The slots in the cage wall may be made by electron discharge machining (EDM), followed by electrochemical machining to remove sharp edges. These processes do not alter the stainless steel metallurgy. The metallurgical properties of the cage are therefore controlled by selection of the appropriate grade of stainless steel tubing.
Another preferred embodiment of an autoinflatable catheter applicable to such a procedure is shown in FIG. 2. In this embodiment, a main catheter body 11 and a catheter tip 12 of similar construction as previously described for the embodiment shown in FIG. 1 are connected by a balloon support 26. A balloon 14 is positioned surrounding the support balloon and is attached to the main catheter body and catheter tip also as described in the previous embodiment.
The balloon support 26 comprises a plurality of spaced generally-parallel rods 27 defining a generally cylindrical shape. The rods are attached at their anterior ends to a first generally-circular ring 28 and at their posterior end to a second generally-circular ring 29. The rods and rings may be made of metal or non-metal material. It is presently preferred that the rods and rings are made of stainless steel wire having an outer diameter about 0.010 inch. Attachment of the ends of the rods to the rings is preferably made by welding to form a strong bond. However the welding may alter the metallurgy of the stainless steel in the immediate area of the weld. If the altered metallurgy is incompatible with the liquid, e.g., blood, flowing through the cathether, this method of attachment would be unsuitable.
The rings have an inner diameter substantially the same as the outer diameter of the posterior end of the catheter tip and the anterior end of the main catheter body, generally from about 0.060 inch to about 0.100 inch. The anterior ring 28 is attached about the posterior end 17 of the catheter tip 12 and the posterior ring 29 is attached about the anterior end 19 of the main catheter body 11. Attachment is made by a compatible adhesive. The thickness of the wall of the main catheter body at its anterior end and of the catheter tip at its posterior end may be reduced as shown to minimize the increase in catheter diameter at these positions.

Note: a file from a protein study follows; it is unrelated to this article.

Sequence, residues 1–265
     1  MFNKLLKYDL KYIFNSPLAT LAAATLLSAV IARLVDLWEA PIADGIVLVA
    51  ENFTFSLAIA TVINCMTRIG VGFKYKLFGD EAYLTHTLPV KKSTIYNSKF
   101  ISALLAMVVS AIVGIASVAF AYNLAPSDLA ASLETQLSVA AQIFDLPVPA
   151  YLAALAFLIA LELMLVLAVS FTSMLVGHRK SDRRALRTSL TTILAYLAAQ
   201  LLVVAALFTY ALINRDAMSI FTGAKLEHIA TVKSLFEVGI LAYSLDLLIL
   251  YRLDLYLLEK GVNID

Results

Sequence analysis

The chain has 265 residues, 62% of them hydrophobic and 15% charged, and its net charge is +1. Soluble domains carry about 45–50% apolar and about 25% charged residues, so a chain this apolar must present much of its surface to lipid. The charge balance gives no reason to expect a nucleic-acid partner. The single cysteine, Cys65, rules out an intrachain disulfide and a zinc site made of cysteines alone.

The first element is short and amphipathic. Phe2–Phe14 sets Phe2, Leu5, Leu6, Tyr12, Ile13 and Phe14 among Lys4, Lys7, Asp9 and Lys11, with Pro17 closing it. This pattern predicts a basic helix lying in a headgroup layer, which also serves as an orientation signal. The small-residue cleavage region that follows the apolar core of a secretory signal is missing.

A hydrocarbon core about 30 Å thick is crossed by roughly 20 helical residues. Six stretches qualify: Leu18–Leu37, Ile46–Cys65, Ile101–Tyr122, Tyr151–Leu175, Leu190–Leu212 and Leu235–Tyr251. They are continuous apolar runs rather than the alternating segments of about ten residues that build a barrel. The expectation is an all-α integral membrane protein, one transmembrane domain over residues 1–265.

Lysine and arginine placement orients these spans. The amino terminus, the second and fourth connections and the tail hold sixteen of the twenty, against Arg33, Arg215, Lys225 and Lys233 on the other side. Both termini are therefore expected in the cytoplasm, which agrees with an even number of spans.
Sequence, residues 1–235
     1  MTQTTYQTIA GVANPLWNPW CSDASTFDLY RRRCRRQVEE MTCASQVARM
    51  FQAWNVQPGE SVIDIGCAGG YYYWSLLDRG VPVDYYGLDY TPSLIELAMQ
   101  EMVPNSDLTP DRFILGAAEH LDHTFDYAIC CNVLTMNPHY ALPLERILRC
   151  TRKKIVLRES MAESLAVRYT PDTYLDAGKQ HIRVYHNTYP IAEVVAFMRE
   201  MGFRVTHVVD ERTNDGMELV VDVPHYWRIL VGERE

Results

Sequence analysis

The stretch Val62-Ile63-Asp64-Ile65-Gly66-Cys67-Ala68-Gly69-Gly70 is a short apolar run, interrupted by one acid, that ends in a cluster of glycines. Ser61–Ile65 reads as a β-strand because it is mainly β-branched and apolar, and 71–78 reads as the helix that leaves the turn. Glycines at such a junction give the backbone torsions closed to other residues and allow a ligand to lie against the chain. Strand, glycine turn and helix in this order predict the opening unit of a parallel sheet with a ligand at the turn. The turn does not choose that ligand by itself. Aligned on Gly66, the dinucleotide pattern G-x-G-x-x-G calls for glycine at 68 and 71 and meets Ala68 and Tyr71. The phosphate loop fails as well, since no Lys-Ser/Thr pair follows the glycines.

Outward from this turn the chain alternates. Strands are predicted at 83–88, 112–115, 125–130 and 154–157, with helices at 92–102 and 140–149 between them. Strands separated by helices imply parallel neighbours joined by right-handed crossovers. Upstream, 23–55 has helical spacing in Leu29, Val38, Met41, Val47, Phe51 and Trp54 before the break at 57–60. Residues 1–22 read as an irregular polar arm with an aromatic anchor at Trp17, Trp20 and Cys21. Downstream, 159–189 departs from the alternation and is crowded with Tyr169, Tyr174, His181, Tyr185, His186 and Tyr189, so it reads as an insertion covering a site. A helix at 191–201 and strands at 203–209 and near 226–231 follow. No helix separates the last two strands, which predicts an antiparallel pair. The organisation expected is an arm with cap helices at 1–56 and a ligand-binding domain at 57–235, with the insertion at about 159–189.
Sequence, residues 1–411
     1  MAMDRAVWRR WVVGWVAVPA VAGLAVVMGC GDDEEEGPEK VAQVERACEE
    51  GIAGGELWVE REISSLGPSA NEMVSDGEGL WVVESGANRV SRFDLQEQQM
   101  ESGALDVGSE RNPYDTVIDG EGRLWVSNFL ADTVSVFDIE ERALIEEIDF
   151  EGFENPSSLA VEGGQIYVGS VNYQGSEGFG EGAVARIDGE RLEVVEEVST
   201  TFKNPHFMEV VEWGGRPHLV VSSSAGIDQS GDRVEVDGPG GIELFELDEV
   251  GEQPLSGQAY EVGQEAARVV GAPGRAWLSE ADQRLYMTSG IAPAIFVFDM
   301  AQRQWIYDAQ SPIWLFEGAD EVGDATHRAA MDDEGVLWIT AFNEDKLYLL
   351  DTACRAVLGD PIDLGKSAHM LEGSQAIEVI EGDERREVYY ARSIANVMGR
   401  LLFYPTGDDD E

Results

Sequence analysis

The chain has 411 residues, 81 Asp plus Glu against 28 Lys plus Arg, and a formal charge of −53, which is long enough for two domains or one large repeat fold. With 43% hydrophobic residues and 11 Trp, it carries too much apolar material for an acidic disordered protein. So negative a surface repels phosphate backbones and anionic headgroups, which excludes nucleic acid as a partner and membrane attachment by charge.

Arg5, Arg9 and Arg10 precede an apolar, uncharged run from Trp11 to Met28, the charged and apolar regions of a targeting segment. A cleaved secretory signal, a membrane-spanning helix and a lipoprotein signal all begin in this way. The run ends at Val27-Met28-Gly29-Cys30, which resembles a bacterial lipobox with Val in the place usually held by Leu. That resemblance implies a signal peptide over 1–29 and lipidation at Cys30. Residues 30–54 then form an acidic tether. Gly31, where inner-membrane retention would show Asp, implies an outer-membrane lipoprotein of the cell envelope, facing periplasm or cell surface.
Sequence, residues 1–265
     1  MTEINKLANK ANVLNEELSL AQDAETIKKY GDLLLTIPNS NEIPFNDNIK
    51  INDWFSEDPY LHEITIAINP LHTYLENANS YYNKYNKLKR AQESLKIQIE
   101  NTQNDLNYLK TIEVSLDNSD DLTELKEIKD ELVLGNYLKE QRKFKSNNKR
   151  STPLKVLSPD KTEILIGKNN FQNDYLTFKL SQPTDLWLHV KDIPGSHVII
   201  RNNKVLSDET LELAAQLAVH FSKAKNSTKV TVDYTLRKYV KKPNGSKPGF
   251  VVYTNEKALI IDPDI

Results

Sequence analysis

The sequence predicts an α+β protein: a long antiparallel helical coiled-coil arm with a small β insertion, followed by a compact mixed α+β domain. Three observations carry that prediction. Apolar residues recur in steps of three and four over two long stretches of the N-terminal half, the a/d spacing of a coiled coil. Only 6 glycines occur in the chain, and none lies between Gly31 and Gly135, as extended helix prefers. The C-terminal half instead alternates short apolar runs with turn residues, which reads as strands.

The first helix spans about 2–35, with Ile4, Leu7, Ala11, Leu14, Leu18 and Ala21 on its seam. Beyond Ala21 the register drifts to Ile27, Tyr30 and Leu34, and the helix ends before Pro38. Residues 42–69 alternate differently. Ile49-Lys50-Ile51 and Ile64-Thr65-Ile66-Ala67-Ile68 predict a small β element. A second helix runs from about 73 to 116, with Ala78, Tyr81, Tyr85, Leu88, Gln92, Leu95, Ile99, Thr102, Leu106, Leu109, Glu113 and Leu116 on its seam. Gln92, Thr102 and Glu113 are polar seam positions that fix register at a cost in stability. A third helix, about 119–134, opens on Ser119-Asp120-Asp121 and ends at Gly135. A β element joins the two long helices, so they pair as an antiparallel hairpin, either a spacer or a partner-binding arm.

The rods are sufficiently strong to supply the stiffness required by the cage to prevent bending and crimping. The rods are spaced apart sufficiently to form openings 31 between the interior of the support cage 26 and the balloon chamber 21 that do not significantly restrict passage of liquid into and out of the balloon chamber. In addition, the openings extend completely between the main catheter body and the catheter tip, thereby effectively preventing pooling of a liquid in the balloon chamber. The size of the openings is sufficient to minimize damage to liquids such as blood passing through the openings.
For catheters having non-circular cross-sections, the embodiments shown in both FIG. 1 and FIG. 2 may be modified for use in such catheters. The cross-sectional configuration of the cage is formed into a configuration corresponding to the cross-sectional shape of the catheter tube sections.
If the main catheter body has a different cross-sectional configuration than the catheter tip, the rod and ring cage construction as shown in FIG. 2 is preferred because the anterior and posterior rings may be formed into different shapes to correspond to the catheter tube section to which they attach.
In addition to applications such as the retroperfusion of blood to the myocardium, an autoinflatable catheter constructed according to the present invention may be used in other applications such as the delivery of saline plus an intervention to a patient.
The preceding description has been presented with reference to the presently preferred embodiments of the invention shown in the accompanying drawings. Workers skilled in the art and technology to which this invention pertains will appreciate that alterations and changes in the described apparatus can be practiced without meaningfully departing from the principles, spirit and scope of this invention. Accordingly, the foregoing description should not be read as pertaining only to the precise structures described, but rather should be read consistent with and as support for the following claims which are to have their fullest fair scope.
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|WO1988009682A1 *||Jun 3, 1988||Dec 15, 1988||Joseph Grayzel||Stiffened dilation balloon catheter device|
|WO2009152297A1 *||Jun 11, 2009||Dec 17, 2009||Cardiosolutions, Inc.||System and method for implanting a heart implant|
|U.S. Classification||600/18, 604/915, 604/104, 604/102.02|
|Dec 5, 1988||FPAY||Fee payment|
Year of fee payment: 4
|Jul 20, 1992||AS||Assignment|
Owner name: WEBSTER LABORATORIES, INC., CALIFORNIA
Free format text: ASSIGNMENT OF ASSIGNORS INTEREST.;ASSIGNOR:WEBSTER, WILTON W., JR.;REEL/FRAME:006206/0722
Effective date: 19920715
|Feb 22, 1993||FPAY||Fee payment|
Year of fee payment: 8
|Aug 13, 1996||AS||Assignment|
Owner name: CORDIS WEBSTER, INC., CALIFORNIA
Free format text: ASSIGNMENT OF ASSIGNORS INTEREST;ASSIGNOR:WEBSTER LABORATORIES, INC,;REEL/FRAME:008077/0042
Effective date: 19960513
|Feb 14, 1997||FPAY||Fee payment|
Year of fee payment: 12